Step 3: Amplifier and LC Low-Pass Filter

I am leaving this component somewhat ambiguous because of the many directions that can be taken. Essentially what needs to happen is for the modulated square wave generated in the previous step needs to toggle some transistors. The best way to do this is to use either a half-bridge or an H-bridge. Since I said it was a simple class D, I will show the schematic for the half-bridge, or totem pole circuit. The simplest way of doing this is to use a pair of complimentary P and N channel MOSFET in the configuration shown in the attached photo. It is possible to use two N-channel MOSFETs so long as you have the appropriate gate drivers and take into account the need for a delay line with dead time (This is what I used for the circuit in the next step). You get the same results (sort of) either way. H-bridge circuits can be found online.
Once you've determined the MOSFETs and driver configuration, the last step is the low-pass filter. This filter takes out the carrier signal that the wanted AC signal lies on. In my case, it's the 30kHz signal generated by the saw-tooth generator. The cut-off frequency of an LC low-pass filter follows the equation f=(2*pi*L*C)^-1. You can set this at 20kHz for full audio range or cut it off much lower for use as a sub-woofer amp. It's absolutely up to you. The capacitor before the LC filter Cblk is critical. You could destroy your speaker without this capacitor. It should be electrolytic and it should also be rather large.
With that being said, grab a crappy speaker and test away. Good luck!

Step 4: Final Recomendations

Hopefully by now you should have something similar to the circuit attached (probably with much better layout/ construction; my neatness side was on vacation). It's surprising mine works, but it does. Obviously this is only one channel. For stereo, you'll need two of these. One for the left channel, and one for the right. I'll leave you with a few comments that I feel may have been left out. Good luck and happy circuit building!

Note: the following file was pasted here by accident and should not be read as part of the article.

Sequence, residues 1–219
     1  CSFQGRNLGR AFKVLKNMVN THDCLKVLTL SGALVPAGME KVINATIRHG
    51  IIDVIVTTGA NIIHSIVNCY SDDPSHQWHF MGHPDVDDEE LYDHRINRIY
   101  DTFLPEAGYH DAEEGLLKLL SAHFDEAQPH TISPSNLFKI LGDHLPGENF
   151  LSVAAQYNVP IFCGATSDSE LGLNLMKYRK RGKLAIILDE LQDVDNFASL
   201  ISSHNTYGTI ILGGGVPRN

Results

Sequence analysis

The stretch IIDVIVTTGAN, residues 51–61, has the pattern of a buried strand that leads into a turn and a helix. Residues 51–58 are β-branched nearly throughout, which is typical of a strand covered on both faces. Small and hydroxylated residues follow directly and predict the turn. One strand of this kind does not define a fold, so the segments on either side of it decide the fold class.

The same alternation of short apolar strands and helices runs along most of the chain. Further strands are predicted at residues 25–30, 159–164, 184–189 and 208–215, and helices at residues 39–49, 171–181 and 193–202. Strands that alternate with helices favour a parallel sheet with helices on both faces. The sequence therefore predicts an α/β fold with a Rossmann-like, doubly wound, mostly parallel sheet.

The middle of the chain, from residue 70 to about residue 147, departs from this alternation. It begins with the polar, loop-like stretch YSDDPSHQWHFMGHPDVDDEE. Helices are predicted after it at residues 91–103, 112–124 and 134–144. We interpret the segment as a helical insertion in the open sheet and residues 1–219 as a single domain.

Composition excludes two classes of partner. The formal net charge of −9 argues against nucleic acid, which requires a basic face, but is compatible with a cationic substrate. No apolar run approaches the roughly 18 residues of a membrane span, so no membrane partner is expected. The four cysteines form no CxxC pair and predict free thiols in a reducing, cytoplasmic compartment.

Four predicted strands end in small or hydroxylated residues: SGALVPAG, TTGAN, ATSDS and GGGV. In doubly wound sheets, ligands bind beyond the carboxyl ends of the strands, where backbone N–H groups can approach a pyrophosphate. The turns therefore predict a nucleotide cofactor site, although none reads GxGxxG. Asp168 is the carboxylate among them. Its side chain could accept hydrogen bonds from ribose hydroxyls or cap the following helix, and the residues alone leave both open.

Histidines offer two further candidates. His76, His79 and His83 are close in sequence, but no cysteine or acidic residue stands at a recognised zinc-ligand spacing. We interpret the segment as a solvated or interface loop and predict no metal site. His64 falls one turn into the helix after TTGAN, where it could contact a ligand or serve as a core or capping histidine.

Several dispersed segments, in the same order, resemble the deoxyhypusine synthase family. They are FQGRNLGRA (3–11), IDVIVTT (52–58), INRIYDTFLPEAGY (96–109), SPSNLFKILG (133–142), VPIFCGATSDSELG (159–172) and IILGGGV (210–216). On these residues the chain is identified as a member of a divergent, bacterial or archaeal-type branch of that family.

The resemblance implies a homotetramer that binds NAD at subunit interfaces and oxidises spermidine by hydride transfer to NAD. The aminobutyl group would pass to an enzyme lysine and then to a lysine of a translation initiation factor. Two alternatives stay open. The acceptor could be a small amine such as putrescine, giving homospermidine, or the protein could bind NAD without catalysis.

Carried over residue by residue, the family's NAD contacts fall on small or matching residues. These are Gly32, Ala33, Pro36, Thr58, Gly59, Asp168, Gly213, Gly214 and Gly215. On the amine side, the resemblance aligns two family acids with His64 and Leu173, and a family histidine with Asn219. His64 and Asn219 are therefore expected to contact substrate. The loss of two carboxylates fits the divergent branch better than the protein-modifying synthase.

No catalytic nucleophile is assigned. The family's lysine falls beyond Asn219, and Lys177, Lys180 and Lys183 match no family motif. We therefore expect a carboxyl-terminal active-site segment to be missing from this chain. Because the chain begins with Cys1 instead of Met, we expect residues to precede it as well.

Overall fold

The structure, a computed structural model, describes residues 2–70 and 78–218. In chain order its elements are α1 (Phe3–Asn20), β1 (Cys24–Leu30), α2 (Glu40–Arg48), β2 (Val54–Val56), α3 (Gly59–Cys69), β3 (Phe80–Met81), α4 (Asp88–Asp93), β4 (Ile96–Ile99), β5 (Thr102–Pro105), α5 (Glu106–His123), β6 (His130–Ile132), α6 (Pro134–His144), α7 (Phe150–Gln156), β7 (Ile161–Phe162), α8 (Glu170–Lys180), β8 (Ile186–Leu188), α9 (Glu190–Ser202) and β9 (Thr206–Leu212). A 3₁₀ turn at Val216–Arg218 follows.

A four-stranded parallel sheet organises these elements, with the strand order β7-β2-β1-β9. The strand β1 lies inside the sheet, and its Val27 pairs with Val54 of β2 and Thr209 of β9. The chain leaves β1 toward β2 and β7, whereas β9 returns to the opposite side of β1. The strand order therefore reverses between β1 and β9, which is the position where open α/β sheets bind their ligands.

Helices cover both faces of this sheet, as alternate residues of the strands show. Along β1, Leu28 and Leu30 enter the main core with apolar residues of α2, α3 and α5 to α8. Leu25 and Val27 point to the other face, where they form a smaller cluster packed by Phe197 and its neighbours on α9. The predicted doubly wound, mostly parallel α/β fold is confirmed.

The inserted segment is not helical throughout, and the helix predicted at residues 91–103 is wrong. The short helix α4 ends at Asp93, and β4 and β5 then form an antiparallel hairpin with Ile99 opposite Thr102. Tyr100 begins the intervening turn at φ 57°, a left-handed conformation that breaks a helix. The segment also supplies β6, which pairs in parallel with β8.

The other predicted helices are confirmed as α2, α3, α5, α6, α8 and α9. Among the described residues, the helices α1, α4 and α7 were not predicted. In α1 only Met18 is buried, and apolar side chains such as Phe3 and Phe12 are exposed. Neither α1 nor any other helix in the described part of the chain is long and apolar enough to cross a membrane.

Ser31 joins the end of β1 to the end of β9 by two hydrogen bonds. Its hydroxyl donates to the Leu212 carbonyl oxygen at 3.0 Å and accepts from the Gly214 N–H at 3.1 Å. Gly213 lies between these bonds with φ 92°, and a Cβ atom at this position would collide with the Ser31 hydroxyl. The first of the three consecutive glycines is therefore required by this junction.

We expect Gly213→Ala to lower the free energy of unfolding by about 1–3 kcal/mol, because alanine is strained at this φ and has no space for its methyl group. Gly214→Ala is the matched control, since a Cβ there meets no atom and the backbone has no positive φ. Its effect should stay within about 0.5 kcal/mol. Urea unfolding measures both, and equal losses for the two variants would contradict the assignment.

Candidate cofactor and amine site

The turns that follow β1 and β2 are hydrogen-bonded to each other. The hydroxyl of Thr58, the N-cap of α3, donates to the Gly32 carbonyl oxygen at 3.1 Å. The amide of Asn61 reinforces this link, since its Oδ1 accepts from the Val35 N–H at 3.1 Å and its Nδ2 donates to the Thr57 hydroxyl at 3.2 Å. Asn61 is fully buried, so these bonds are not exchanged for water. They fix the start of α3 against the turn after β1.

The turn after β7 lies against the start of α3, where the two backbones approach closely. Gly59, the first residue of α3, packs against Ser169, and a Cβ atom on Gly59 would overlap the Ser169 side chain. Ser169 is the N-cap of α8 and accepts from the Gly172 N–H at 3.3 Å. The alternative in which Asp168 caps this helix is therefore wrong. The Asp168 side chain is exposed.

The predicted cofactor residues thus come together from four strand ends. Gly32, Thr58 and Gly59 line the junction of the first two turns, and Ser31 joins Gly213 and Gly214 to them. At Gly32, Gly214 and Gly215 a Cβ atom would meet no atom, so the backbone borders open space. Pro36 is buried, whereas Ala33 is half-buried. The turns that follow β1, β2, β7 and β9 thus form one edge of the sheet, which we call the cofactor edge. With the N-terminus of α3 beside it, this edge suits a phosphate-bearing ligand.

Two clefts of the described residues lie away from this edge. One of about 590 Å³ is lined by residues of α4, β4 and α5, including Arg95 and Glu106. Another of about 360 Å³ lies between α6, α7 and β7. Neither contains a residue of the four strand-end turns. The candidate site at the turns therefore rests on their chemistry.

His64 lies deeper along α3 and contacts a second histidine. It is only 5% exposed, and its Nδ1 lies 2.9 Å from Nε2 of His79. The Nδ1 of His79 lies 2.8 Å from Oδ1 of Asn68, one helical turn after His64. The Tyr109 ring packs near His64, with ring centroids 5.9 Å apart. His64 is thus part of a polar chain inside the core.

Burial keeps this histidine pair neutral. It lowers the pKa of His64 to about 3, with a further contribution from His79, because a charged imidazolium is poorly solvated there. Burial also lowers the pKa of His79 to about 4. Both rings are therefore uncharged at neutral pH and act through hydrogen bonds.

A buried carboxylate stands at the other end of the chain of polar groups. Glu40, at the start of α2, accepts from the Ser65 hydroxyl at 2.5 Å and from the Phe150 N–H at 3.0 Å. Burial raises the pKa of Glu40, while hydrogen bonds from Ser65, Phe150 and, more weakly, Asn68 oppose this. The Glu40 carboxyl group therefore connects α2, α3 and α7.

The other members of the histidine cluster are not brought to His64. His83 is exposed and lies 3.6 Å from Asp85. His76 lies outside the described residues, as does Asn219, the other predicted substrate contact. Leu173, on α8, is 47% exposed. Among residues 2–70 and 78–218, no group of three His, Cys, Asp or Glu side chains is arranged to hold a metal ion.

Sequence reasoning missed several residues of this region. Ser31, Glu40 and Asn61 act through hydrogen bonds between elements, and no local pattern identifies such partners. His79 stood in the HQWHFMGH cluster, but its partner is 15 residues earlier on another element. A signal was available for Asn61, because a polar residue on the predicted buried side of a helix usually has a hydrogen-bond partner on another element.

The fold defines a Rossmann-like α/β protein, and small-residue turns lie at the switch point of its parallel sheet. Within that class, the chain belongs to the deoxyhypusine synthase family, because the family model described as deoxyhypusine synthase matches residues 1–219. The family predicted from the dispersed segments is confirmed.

Implement star grounding so that the current draw from the FETs doesn't freak out the op-amp and other ICs.(I didn't in the circuit attached, oh well)
Separate the FETs from the ICs.
Use a scrap speaker for testing so that you don't destroy good speakers in case you've made a mistake.
Build each component separately, test, and then move on once it works.
I know I'm overlooking a few things but use your imagination and google and things will come together.

Thanks for taking your time to read my instructable. I hope you enjoyed the read. Also I hope you enjoy your freshly built class D amp.


<p>(Y)</p>
<p>hi, i got a question, if i am going to use my cellphone as the audio signal, i shouldn't use the lm311 and just use the circuit with the opamp?</p>
<p>Hello. I am trying to calculate a proper LC filter for a less than 1KHz speaker with a 100KHz oscillator. How can I calculate the Q factor?</p><p>Do you think that such a high frequency is needed to that speaker bandwith? I think it would be noisy if the oscillator frequency is not high enough.</p><p>Are high inductance coils needed? I don't know if I can unsolder it from a motherboard or a sound card.</p>
Thanks
Thanks for putting the effort in on this instructable. I've been a tech for years and this technique was only being developed when I was an apprentice, so I flew straight past it. Up until now I only looked at Class A, B, AB and C amps. I'd always avoided the &quot;new fangled&quot; D-class. Time to play catchup. You've taken the concept, explained it and built it from discrete(ish) components rather than a module. I think, always the best way to come to terms with a concept in electronics.
good project , sounds as though it would be good as a sub amp in a small vehicle.
interesting ideas here, I'd like to try this at some point. thanks for posting!
Thank you! It's a surprisingly fun project considering it's simplicity. The audio output isn't as terrible as one might think, also.